Another study of 359 homosexual men in San Francisco in 1987 reported that 84 per cent had used cocaine, 82 per cent alkyl nitrites, 64 per cent amphetamines, 51 per cent methaqualone and 41 per cent barbiturates.
Of the nearly 4000 gay men surveyed, 83 per cent admitted to using one drug, and 60 per cent to two or more drugs, with sexual activities during the previous six months (similar to the drug use reported by European homosexuals at risk).
Yet another 1985-1988 survey of gay men in Boston, MA, found that, of 206 HIV-positives, 92 per cent had used nitrite inhalants, 73 per cent cocaine, 39 per cent amphetamines, and 29 per cent LSD and other psychoactive drugs as sexual stimulants (Pharmacol Ther, 1992; 55: 201-77; Biomed Pharmacother, 1992; 46: 3-15).
Steroids for inflammation
Homosexuals usually suffer from acute and chronic rectal and gastrointestinal diseases, requiring the therapeutic use of rectal steroids. Seven studies involving 736 patients (97 per cent homosexual or bisexual men) who were HIV-positive or had full-blown AIDS repeatedly showed this to be the case (Al-Bayati MA, Get All The Facts: HIV Does Not Cause AIDS, Dixon, CA: Toxi-Health International, 1999).
The fact is, treatment with 60 mg/day of prednisone for three months can produce all the typical symptoms of AIDS. Indeed, this is the treatment and dosage often given to patients who have lung fibrosis, thrombocytopenia or other chemically induced chronic illnesses.
Anthony Fauci, director of the National Institute of Allergy and Infectious Diseases, part of the US National Institutes of Health, and considered the US government’s leading expert in infectious disease, is among the authors of Harrison’s Principles of Internal Medicine, a massive, classic textbook on medicine.
In the book, the authors describe a treatment for lung fibrosis that pushes the patient to the brink of severe immunosuppression:
'A trial of oral prednisone is begun at a dose of 1 mg/kg daily and continued for about eight weeks. Should the disease not respond or be progressive, additional immunosuppression with cyclophosphomide should be considered. The objective is to reduce the white blood cell count to approximately half the normal baseline value, causing a distinct drop in the total lymphocyte count.' [italics ours]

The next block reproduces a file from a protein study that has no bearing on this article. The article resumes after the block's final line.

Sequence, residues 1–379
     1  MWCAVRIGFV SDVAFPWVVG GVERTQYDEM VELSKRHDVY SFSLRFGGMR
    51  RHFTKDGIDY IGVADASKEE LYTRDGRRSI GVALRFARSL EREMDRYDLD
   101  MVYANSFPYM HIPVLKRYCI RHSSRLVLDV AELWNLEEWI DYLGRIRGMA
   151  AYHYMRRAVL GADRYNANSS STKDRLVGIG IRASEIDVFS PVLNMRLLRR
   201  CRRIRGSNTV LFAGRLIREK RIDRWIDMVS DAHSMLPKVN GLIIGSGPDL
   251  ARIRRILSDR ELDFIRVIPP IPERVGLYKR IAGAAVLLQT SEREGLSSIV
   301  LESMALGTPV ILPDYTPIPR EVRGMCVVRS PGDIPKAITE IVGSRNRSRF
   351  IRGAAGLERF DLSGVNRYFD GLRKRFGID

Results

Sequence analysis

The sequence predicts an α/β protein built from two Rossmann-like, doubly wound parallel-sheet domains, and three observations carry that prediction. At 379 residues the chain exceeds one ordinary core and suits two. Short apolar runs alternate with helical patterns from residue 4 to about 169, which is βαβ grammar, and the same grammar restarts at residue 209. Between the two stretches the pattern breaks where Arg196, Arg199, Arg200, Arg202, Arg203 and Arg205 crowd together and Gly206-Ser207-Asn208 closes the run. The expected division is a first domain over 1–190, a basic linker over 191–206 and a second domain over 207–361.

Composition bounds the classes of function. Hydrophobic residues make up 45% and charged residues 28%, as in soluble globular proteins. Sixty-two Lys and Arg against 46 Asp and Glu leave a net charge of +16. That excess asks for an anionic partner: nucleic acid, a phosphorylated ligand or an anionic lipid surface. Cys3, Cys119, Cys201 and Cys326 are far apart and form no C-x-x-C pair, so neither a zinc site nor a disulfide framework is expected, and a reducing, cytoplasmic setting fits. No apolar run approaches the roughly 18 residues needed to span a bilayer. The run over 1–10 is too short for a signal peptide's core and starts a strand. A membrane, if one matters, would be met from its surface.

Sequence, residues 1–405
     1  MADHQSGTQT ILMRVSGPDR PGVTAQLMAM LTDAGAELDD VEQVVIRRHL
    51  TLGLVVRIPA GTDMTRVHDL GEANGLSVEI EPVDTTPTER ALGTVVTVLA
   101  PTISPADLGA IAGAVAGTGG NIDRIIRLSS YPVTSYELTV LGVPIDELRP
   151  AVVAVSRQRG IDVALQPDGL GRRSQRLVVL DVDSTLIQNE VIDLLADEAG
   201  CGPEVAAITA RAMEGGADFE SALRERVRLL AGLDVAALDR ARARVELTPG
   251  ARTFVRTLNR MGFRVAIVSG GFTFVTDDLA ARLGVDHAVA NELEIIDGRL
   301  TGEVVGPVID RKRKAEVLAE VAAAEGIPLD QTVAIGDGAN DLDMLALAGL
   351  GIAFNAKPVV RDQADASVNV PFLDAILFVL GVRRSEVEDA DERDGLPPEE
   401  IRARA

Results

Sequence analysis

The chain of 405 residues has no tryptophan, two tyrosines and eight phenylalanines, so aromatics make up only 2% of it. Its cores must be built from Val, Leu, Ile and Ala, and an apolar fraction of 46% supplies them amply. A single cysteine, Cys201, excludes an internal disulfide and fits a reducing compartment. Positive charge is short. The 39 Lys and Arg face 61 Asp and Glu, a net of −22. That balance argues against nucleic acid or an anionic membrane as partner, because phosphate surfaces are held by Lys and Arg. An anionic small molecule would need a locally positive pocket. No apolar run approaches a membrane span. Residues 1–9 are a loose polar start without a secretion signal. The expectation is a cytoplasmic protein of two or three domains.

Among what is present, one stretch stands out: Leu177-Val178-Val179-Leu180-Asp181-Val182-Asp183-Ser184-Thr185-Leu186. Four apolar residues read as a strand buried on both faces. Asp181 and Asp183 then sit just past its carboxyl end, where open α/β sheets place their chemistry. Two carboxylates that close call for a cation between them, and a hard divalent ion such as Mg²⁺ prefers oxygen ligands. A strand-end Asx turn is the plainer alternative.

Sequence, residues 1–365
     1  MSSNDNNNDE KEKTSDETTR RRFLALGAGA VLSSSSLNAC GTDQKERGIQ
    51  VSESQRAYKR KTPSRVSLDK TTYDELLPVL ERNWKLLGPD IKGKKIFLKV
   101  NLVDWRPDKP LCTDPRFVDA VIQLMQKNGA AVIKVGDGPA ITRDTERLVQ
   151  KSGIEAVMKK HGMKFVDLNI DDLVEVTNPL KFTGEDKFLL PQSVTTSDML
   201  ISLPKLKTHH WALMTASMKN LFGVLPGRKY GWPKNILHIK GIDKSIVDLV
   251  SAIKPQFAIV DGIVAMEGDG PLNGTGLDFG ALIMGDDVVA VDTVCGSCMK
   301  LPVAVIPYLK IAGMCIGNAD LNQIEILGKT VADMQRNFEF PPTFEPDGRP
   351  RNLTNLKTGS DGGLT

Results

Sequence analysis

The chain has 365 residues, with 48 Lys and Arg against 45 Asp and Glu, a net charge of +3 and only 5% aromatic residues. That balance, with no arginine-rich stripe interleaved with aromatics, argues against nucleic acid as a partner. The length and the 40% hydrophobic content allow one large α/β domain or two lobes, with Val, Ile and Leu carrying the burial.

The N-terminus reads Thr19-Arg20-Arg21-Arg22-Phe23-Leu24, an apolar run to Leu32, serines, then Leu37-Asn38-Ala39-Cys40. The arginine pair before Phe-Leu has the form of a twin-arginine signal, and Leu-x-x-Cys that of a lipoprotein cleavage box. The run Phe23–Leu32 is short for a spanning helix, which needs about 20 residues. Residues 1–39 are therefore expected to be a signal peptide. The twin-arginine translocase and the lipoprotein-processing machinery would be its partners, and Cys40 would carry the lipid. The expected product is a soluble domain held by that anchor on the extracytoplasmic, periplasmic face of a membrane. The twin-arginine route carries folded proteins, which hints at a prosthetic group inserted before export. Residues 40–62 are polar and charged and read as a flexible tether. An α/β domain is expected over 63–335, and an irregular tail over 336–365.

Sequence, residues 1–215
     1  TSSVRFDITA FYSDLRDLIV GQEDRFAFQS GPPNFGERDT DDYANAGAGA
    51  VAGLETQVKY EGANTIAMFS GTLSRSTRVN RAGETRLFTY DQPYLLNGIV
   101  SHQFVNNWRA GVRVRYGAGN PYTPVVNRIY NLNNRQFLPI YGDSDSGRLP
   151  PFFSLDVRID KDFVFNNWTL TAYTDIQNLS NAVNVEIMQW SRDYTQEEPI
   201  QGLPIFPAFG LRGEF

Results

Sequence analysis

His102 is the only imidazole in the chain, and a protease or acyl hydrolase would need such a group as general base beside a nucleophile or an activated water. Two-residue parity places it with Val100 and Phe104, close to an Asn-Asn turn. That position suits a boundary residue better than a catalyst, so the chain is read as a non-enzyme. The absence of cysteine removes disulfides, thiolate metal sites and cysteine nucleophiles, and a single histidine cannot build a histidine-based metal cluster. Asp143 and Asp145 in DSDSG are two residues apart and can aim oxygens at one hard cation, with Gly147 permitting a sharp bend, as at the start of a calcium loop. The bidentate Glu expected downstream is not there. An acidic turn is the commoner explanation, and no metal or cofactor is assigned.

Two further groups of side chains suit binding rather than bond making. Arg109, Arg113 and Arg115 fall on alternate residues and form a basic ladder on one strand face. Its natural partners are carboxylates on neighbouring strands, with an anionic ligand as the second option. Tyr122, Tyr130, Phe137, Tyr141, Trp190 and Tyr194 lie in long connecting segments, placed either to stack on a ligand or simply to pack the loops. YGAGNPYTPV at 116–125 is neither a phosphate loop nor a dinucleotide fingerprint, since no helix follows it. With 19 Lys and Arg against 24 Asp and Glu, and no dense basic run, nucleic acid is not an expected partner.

At this dosage, the patient’s T-cell count meets the definition for AIDS as set by the US Centers For Disease Control and Prevention (CDC).
A review of the medical literature revealed that, in those without HIV, both short- and long-term use of glucocorticoids at therapeutic doses can have a dramatic effect on the immune system - from a transient reduction in T cells to full-blown AIDS (J Clin Lab Immunol, 1981; 6: 147-55; Clin Exp Immunol, 1978; 31: 116-25; Clin Exp Immunol, 1977; 28: 467-73; Ann Intern Med, 1976; 84: 304-15; Immunology, 1975; 28: 669-79; Cancer, 1978; 42: 2626-30).
In several articles, Dr Fauci describes in detail the effects of corticosteroids on the immune system, which sound remarkably like the alleged effects of HIV. In one, he and co-authors write that the effects of steroids on patients’ defenses are broad, affecting many systems of the body and that, given the combined effect of these changes, it’s 'not surprising' that infections are common in patients treated with these drugs:
'Of the bacterial infections, staphylococcal and Gram-negative infections, as well as tuberculosis and Listeria infections, probably occur most often. Certain types of viral, fungal, and parasitic infections also occur often. Patients with lupus erythematosus, rheumatoid arthritis, and renal transplant have more infection with steroid administration. Studies of bronchial aerosols showed that with higher doses of steroid in the aerosol, Candida infections of the larynx and pharynx occurred more often' (Ann Intern Med, 1976; 84: 304-15).